For Festivus purposes, a grievance is “a complaint about a real or imaginary wrong that causes resentment and is grounds for action.”

According to GAO, it has aired over 2100 grievances about the Department of Homeland Security: “GAO has made over 2,100 recommendations to DHS since its establishment in 2003 to strengthen its management and integration efforts, among other things.”

Do the research. Behind each of those recommendations hides one or more grievances that require airing. Remedial action might follow. But that’s not the point. Or at least not as much of the point as the actual airing.

Done correctly and professionally, there is a subtlety about grievance airing. See if you can spot the disappointment, the sighs, even the sadness, in the following selection of 2014 GAO report titles (and the occasionally excerpt). Hear also the infinite echo of hopefulness that if DHS tries just a little more it could be doing just a little bit better.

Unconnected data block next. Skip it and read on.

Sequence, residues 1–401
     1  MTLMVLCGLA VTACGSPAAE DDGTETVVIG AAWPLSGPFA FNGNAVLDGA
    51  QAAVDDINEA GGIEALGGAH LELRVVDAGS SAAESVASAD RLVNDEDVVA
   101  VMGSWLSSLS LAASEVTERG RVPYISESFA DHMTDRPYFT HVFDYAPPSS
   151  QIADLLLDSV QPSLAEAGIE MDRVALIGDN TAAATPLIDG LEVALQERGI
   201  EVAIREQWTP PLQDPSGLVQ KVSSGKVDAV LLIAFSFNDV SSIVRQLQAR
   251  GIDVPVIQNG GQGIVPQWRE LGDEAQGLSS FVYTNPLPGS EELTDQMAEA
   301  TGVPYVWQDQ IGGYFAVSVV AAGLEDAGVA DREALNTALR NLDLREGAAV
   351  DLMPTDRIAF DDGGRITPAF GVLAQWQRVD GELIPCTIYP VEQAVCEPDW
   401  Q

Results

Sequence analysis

We here on “Main Street USA” have many, many grievances especially when we see convicted an open border to the south and border guards being killed and others babysitting those who have been permitted to enter this nation without proper application and medical certificate while others who do adhere to the law, stand way back in line and yes, felons released to walk among us by the same DHS who is supposed to safeguard our security, many grievances, yet do our serving divisive politicians care, I think not! Without conference with the US Congress and Senate, the executive branch has chosen to do release the worst terrorists back to enemy lines, supported the Muslim Brotherhood and now enables Tehran to have WMD in hand and I have had to use another name and email address and location to voice my concerns as a citizen on DHS once again so free speech is only for those who chant, kill the cops and a society which fails to repent and allow such vile intent to adversely affect our nation and despite again blocking my ability to speak out in such disfavor against such dastardly deeds from within, God Bless America for we folks are being led by Lucifer and DHS releasing criminals and a White House making deals in exchange for a deserter and leaving our brave warriors at the “Benghzai Massacre” to die, well, War looms ahead and so many of us who clearly see this charade allowed to diminish America so, truly saddened….